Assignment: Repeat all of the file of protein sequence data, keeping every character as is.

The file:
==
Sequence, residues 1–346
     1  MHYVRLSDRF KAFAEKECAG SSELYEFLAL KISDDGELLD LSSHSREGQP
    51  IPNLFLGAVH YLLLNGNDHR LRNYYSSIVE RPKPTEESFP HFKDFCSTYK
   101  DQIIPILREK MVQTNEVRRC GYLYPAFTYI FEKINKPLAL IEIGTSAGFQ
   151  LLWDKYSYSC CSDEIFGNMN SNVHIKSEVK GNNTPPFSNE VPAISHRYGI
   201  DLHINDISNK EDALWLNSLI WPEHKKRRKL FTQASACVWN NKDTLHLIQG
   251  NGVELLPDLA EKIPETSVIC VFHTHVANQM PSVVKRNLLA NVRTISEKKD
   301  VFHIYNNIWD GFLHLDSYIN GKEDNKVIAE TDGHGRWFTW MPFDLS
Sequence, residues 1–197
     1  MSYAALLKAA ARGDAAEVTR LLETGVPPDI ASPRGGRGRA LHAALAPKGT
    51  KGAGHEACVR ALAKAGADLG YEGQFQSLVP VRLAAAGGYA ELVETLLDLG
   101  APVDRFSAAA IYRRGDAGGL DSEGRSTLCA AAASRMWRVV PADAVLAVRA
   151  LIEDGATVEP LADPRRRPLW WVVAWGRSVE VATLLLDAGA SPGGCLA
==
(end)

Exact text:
Sequence, residues 1–346
     1  MHYVRLSDRF KAFAEKECAG SSELYEFLAL KISDDGELLD LSSHSREGQP
    51  IPNLFLGAVH YLLLNGNDHR LRNYYSSIVE RPKPTEESFP HFKDFCSTYK
   101  DQIIPILREK MVQTNEVRRC GYLYPAFTYI FEKINKPLAL IEIGTSAGFQ
   151  LLWDKYSYSC CSDEIFGNMN SNVHIKSEVK GNNTPPFSNE VPAISHRYGI
   201  DLHINDISNK EDALWLNSLI WPEHKKRRKL FTQASACVWN NKDTLHLIQG
   251  NGVELLPDLA EKIPETSVIC VFHTHVANQM PSVVKRNLLA NVRTISEKKD
   301  VFHIYNNIWD GFLHLDSYIN GKEDNKVIAE TDGHGRWFTW MPFDLS
Sequence, residues 1–197
     1  MSYAALLKAA ARGDAAEVTR LLETGVPPDI ASPRGGRGRA LHAALAPKGT
    51  KGAGHEACVR ALAKAGADLG YEGQFQSLVP VRLAAAGGYA ELVETLLDLG
   101  APVDRFSAAA IYRRGDAGGL DSEGRSTLCA AAASRMWRVV PADAVLAVRA
   151  LIEDGATVEP LADPRRRPLW WVVAWGRSVE VATLLLDAGA SPGGCLA